Jackie Harland at the global summit spoke about how emotions are contagious. According to her, “mirror neurons activate when we see someone doing something or acting in a particular manner. If we are tense about something, then it is very likely that we transfer what we are feeling to people around us and to our children in particular.” While showing our emotions is good, what is equally important is for us to be able to regulate them. As parents, we have to try and understand our emotions before we can attempt to understand the emotions of our children. Only then will we be able to speak the language of love at our home.
Emotional regulation looks at capturing our thoughts and the thoughts of our little ones especially when they tend to be negative. It is a process, not a program and therefore applies to everyone. It encourages reflective thinking and helps children and adults respond to stress factors and feelings.
Behaviour is a response to stimuli in the environment. What we need to understand are the triggers that cause children to behave in a particular manner and explore ways in which we could regulate that behaviour. There are various ways in which we as adults can support our little ones and regulate their emotions:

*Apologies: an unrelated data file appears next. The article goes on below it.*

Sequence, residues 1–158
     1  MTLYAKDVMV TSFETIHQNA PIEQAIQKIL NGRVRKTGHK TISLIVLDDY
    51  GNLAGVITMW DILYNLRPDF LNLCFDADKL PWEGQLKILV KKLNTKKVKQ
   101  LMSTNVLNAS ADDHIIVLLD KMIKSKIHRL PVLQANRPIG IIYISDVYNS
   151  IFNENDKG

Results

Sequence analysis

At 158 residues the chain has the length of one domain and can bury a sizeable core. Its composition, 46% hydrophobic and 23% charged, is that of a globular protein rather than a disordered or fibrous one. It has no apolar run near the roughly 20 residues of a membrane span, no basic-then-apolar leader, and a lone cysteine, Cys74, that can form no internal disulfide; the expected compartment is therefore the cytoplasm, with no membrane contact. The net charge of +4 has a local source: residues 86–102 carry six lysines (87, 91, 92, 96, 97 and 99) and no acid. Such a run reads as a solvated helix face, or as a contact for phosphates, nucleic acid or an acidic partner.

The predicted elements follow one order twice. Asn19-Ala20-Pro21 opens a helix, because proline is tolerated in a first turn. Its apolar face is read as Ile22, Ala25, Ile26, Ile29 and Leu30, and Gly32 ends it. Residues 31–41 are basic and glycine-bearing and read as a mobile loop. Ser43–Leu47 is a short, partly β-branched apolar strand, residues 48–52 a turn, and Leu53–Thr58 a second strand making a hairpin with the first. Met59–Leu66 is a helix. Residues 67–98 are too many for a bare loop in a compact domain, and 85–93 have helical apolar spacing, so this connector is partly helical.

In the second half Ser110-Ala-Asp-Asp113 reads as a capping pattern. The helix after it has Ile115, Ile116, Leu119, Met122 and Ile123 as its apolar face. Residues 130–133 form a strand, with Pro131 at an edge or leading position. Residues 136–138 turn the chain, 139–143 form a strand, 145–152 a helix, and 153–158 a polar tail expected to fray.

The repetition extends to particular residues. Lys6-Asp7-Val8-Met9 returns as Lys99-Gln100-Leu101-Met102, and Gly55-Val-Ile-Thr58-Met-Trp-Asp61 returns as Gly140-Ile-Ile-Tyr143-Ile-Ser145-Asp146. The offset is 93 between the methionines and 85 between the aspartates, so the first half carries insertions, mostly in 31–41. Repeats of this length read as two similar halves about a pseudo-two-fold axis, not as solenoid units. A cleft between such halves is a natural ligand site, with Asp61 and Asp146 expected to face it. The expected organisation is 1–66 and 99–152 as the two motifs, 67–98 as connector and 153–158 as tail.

· By listening to them
· By connecting with them
· By first labelling their feelings and then validating them
· By empathising with them
· By just being present
As teachers, we have a direct influence on the children in our classroom, making us empathise better. After all, it has been rightly said, “10% of our life is what happens and the remaining 90% is how we respond to situations.” It is therefore in our hands to together bring the language of emotions into our classrooms. Let us use the fact that emotions are contagious to bring joy and laughter into our classrooms.
Watch the entire video below:
Ashish Karamchandani spoke about the ground realities of early childhood education professionals.
· As adults and educators, it is crucial that we start early when it comes to the early year’s education of our little ones.